Unusual fungi have a symbiotic relationship with this ancient tree, drawing copious quantities of nutrients through its extensive root system. Both male and female cones are produced and take three seasons to reach maturity. The male cones have yellow flowers and often their rich pollen is seen in a backlit puff against the sun on a sultry summer’s afternoon. The female cones start out a delicate soft green and eventually evolve into the brown cones often found on the ground below. Unlike many other needled trees with their typical conical shape, the Scots pine frequently has a characteristic flat, or round top – a most popular nest site for ospreys, one of the few birds that will nest on a tree’s crown. Side branches add new and dramatic dimensions, like wayward limbs, giving rise to the appropriate nickname of Granny Pine.
A walk in a native pine forest is entirely different to any other woodland. With the all-embracing aroma of pine resin and a rich under-storey where plants such as blaeberry, cowberry, the rare twinflower and many orchids thrive, other native trees and shrubs also exist, including juniper, birch, willow and oak scrub. This is the home of our only endemic bird, the Scottish crossbill. It is also perfect habitat for many other species such as the crested tit, capercaillie, blackcock, golden eagle and osprey, and a wealth of mammals including the badger, fox, pine marten, wildcat, red squirrel and roe and red deer.
The native pinewood is probably one of the richest habitats we have. We see pine trees as an integral part of unspoilt landscapes – they epitomise true wilderness and are what make so many remote locations even more special, yet we are still largely unaware of the pressing need to protect them. They may cling to what appears to be a bare rock on a loch-side, or high up a hill in remote peninsulas such as Knoydart, or they may cover small craggy islets. In the northern reaches of the mainland they may stand singly, proud and aloof, vestiges of an arboreal Scotland of the past. They can also grow close to the sea, salt-battered and able to withstand massive gales and lashing rain, bending and twisting with the elements until they appear so much a part of them. This is not a tree that is long-lived, nor particularly vast, though there are exceptions. Places such as Glen Affric, the wilder reaches of Glen Lyon, the Cairngorms and the Black Wood of Rannoch still have good examples of the Scotland of old. Due to the amount of resin produced by a pine tree, the timber is very slow to decay. Remnants of pine stumps like bleached skeletons still remain preserved in bogs. So why should the Scots pine be so vital? Not only does it stand for all that we love about truly wild Scotland, but it is a key species in a vanishing wilderness.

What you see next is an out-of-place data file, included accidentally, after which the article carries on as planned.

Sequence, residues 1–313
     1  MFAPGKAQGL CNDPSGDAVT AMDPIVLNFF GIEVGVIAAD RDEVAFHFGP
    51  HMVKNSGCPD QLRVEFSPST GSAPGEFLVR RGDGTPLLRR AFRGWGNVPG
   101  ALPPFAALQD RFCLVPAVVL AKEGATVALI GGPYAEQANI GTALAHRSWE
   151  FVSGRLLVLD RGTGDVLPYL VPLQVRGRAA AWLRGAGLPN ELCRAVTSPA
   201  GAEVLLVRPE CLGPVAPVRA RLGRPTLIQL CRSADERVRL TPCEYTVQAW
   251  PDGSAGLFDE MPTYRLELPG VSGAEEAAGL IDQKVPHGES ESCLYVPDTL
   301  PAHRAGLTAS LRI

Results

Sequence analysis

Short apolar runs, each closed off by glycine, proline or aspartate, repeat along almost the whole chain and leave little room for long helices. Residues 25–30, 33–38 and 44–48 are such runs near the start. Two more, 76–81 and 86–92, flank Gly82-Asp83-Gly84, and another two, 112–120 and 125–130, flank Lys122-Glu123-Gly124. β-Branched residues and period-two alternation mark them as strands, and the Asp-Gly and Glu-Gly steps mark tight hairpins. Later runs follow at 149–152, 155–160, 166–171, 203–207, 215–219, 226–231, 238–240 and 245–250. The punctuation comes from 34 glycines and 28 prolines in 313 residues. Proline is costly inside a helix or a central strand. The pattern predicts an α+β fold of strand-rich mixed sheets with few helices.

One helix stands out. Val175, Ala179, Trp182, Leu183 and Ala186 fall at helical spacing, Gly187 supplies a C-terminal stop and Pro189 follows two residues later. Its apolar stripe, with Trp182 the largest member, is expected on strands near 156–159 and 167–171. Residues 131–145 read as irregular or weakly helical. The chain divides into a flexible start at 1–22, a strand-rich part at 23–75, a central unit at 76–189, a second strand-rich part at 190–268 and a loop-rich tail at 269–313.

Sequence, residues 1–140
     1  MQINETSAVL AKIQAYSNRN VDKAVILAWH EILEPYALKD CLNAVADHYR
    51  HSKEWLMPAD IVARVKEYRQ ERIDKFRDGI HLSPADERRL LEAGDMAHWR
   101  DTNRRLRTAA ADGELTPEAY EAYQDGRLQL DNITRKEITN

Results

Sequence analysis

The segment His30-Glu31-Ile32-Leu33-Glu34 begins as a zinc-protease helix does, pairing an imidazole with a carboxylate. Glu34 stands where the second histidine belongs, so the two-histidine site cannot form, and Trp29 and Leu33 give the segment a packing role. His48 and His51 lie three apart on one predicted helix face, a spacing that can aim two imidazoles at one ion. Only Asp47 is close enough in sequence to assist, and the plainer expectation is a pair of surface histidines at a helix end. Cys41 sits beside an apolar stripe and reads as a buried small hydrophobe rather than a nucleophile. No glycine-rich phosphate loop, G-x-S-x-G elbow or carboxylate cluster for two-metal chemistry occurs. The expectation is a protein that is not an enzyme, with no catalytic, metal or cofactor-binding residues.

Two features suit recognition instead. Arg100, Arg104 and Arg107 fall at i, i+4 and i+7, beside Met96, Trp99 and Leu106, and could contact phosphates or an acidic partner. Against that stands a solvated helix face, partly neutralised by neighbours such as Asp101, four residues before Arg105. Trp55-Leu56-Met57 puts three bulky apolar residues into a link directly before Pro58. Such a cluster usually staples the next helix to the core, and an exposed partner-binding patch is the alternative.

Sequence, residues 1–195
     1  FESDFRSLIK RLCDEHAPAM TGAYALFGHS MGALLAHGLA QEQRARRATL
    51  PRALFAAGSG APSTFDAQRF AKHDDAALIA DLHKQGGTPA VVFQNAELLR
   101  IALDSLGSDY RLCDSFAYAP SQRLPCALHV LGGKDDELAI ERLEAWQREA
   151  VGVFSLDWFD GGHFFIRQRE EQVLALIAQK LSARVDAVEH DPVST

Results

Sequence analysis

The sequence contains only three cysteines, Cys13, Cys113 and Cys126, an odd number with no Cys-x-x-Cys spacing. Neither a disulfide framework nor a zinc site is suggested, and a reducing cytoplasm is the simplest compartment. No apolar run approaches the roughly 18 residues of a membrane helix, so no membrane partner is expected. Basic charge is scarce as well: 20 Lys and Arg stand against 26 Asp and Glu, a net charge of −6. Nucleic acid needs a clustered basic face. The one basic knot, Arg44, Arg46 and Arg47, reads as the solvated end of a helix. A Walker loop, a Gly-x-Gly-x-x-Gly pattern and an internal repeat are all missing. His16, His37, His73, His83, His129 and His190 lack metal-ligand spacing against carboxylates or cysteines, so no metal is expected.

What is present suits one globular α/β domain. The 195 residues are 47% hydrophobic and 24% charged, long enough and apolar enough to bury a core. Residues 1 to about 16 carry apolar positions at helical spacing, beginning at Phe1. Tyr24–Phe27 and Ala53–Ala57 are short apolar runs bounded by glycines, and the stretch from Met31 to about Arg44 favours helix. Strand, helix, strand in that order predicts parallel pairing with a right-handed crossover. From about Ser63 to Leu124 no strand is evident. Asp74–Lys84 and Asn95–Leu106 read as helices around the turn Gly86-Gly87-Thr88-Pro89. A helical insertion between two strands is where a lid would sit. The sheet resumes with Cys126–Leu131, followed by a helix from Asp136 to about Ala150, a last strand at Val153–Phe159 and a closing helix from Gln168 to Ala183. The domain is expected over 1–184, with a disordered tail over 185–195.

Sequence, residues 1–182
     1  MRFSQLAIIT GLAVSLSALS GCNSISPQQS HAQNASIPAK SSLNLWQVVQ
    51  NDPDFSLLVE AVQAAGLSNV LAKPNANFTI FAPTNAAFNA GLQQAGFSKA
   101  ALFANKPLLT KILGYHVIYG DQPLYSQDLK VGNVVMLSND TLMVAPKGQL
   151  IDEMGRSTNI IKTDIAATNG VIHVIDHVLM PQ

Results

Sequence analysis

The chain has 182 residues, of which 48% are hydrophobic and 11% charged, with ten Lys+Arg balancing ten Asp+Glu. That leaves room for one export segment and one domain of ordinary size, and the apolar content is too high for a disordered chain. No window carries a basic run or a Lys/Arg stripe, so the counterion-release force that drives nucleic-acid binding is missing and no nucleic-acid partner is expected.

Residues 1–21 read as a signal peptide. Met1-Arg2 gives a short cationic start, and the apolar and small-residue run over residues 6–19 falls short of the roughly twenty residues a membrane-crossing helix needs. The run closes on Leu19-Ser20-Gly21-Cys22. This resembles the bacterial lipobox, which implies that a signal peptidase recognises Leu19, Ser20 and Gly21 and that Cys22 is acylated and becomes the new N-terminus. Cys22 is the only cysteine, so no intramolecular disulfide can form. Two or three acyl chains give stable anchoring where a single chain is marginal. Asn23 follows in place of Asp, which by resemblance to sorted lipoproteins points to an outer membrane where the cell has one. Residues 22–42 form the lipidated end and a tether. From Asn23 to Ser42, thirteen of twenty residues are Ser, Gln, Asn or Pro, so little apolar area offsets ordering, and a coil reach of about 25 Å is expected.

Plants such as the blaeberry can grow in native pine forest
Many creatures associated with the pine forests of old have long gone; the bear, lynx, and wolf are sadly extirpated. Many think they should be returned, but in a society where there is little understanding of wildness, are we open enough to tolerate such creatures in our midst again? People fear wolves because they simply do not understand. To see and hear one silhouetted against a magnificent pine by moonlit would be a perfect idyll. However, for now we should concentrate on replanting and encouraging our native Scots pine, for this is surely the missing link and would help to ensure that some areas of Scotland at least could revert to their former glory.